Comment


                    • #11
                      I have observed many changes in the sport over the years. I have never competed above training, and never will, but I have been eventing the lower levels to training since '89.
                      Back then we used to see much more open fences, like stadium fences only solid with huge gaps in between wide oxers, they don't exist any more. All the spread fences are filled, and usually rampy, hardly any flat tables, and they don't usually have a vertical face any more. The skinnies on prelim used to be an arrowhead after a drop, with an option. Skinnies now are often large stumps with the sharp edges taken off, sometimes two skinnies, I have seen corner one stride to skinny coming out of water, I have seen drop into water bending line to skinny. As far as skinnies go, it used to be an important factor that jumps be built in such a way that you could aim for a different part of the jump if the footing was all chewed up. Now you have to take off at the same spot as everybody else regardless of the state of the footing. If the track is soft or muddy, it can get pretty deep at the take-off spot, and the horse can be landing into a deep hole or badly uneven ground lending to serious wear and tear issues. There used to be a skinny on the training course in Osoyoos, very soft sandy ground. By the time all the training horses finished running the take-off spot was at least 6 inches deeper than it was for the first few. It doesn't make for a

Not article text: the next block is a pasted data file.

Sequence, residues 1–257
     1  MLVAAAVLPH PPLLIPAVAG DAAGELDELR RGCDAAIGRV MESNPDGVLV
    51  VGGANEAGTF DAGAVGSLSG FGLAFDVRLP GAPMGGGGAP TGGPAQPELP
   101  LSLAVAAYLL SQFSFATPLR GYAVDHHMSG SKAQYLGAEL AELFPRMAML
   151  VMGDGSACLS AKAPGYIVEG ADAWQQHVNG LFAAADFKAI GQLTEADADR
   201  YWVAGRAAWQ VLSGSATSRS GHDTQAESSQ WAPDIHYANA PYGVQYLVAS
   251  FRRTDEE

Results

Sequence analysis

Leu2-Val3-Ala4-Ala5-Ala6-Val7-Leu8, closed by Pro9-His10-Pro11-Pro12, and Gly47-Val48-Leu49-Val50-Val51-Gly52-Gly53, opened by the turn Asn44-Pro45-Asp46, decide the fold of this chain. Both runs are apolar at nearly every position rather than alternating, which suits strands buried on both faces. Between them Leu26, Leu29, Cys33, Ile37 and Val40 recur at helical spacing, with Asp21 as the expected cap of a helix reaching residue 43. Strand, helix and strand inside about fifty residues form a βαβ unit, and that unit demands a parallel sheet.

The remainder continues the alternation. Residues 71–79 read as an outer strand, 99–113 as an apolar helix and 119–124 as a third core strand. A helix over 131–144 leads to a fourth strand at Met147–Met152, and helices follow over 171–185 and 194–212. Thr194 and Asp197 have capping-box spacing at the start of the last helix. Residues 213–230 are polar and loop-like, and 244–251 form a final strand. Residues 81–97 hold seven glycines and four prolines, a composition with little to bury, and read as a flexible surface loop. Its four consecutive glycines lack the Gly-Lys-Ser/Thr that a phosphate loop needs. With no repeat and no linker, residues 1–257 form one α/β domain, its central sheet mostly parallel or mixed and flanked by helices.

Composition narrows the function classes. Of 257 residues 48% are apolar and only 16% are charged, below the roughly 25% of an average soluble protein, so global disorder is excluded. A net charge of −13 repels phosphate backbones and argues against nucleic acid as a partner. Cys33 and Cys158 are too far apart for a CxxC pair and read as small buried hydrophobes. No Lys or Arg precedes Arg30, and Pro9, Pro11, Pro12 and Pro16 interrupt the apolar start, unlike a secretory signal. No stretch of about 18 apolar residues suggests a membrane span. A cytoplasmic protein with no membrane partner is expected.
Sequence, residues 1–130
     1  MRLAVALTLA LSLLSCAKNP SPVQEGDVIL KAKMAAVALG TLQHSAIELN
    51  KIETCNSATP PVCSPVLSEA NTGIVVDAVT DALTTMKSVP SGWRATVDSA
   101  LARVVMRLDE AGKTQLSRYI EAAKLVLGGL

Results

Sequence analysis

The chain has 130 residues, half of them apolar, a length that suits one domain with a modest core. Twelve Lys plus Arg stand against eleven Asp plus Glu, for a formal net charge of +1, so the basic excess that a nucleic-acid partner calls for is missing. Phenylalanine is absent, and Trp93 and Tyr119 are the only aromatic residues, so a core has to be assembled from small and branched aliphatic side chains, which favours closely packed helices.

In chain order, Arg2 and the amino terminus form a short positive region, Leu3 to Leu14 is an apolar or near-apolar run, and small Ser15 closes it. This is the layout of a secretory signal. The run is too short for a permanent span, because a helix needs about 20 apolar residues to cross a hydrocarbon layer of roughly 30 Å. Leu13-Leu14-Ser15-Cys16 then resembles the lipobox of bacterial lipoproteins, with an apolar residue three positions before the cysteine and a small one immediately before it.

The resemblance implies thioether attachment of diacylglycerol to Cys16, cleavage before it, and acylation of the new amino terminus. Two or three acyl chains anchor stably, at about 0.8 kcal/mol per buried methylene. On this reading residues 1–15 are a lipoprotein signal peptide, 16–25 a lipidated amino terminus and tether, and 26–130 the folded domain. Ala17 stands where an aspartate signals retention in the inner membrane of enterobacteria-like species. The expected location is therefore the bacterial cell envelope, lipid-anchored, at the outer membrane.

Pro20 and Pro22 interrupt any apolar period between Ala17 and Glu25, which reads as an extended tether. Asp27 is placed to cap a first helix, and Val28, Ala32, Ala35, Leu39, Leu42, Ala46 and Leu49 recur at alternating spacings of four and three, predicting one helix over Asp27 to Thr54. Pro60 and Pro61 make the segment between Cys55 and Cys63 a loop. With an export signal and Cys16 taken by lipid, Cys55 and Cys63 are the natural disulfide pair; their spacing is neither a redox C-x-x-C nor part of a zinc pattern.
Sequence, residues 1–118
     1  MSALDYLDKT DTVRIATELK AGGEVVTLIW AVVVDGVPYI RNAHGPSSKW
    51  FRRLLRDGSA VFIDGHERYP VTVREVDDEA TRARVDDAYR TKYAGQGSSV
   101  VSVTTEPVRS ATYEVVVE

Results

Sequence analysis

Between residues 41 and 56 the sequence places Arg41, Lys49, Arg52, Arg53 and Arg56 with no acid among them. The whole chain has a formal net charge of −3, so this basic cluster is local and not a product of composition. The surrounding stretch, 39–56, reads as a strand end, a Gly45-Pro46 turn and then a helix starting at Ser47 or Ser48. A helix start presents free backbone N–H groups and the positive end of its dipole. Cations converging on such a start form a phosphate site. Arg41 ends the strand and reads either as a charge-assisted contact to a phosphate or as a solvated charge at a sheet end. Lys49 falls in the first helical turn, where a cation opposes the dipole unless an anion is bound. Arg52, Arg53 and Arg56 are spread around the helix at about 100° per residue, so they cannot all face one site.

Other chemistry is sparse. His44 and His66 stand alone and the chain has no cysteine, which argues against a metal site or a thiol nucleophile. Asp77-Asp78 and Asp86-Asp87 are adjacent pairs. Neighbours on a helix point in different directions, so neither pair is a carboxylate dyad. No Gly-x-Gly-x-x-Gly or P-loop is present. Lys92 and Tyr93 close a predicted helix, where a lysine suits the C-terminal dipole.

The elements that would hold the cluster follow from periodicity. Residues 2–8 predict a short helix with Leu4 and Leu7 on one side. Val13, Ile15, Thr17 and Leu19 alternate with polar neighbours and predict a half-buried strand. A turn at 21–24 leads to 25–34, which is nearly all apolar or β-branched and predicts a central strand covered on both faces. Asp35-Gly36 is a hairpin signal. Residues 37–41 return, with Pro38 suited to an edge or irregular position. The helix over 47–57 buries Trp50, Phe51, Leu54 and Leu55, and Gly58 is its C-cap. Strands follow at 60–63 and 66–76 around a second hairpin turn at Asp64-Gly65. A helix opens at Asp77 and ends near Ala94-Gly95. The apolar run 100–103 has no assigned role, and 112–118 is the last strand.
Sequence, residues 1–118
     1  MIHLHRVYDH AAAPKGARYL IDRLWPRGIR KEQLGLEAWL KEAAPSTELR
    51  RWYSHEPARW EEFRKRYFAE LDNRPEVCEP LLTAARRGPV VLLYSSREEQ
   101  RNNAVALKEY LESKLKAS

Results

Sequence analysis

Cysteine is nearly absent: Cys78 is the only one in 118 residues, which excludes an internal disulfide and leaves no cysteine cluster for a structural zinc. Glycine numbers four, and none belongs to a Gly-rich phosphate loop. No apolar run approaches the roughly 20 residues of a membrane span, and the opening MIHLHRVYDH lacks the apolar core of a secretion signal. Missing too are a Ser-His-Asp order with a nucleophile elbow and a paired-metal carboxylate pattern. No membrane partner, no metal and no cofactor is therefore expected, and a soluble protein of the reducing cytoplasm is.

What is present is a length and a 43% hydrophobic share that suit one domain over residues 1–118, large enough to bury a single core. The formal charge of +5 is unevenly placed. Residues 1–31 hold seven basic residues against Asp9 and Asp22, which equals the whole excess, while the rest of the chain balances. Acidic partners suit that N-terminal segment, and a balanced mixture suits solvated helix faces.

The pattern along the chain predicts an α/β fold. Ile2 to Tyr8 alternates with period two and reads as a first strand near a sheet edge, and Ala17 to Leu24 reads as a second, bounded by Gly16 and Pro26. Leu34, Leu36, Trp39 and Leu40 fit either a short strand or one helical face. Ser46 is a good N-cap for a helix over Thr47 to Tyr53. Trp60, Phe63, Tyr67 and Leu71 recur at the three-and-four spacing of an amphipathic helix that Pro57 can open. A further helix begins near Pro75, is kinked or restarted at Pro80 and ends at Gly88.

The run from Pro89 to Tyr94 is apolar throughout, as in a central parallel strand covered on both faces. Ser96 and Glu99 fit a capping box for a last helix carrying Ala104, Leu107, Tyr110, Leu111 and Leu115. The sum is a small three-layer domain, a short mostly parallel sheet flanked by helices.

level playing field.
                      I think there have always been riders moving up to prelim or higher on horses that pulled like a train, and would gallop to big fences somewhat out of control. The course changes have done a fairly good job of taking those off the courses.
                      I think that getting greener horses and riders out over tiny courses may be paying for the bigger jumps, but I don't think it's doing the sport any big favors. Back when the smallest jumps were 3 feet, most of the horse and rider combinations tackling eventing were better schooled and prepared. Maybe not all, but for the most part. I have seen people going cross-country that were totally unprepared -- one year there was a lady at Chase Creek on the lowest level, can't remember what it was called that year, her horse ran off with her when she was on a line back towards the stabling, she locked onto the right rein to turn the horse, and they fell, and she was flown out in a helicopter in a coma. I think a situation like that is the coaches responsability to send a rider out over prepared if possible.